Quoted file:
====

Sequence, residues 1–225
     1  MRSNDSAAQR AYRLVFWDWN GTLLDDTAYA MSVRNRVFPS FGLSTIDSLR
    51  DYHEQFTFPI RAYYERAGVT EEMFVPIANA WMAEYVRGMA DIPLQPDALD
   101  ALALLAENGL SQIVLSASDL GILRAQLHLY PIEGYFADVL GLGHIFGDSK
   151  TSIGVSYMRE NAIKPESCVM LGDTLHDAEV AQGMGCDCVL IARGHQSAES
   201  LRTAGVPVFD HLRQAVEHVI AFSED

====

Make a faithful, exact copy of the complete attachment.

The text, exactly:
Sequence, residues 1–225
     1  MRSNDSAAQR AYRLVFWDWN GTLLDDTAYA MSVRNRVFPS FGLSTIDSLR
    51  DYHEQFTFPI RAYYERAGVT EEMFVPIANA WMAEYVRGMA DIPLQPDALD
   101  ALALLAENGL SQIVLSASDL GILRAQLHLY PIEGYFADVL GLGHIFGDSK
   151  TSIGVSYMRE NAIKPESCVM LGDTLHDAEV AQGMGCDCVL IARGHQSAES
   201  LRTAGVPVFD HLRQAVEHVI AFSED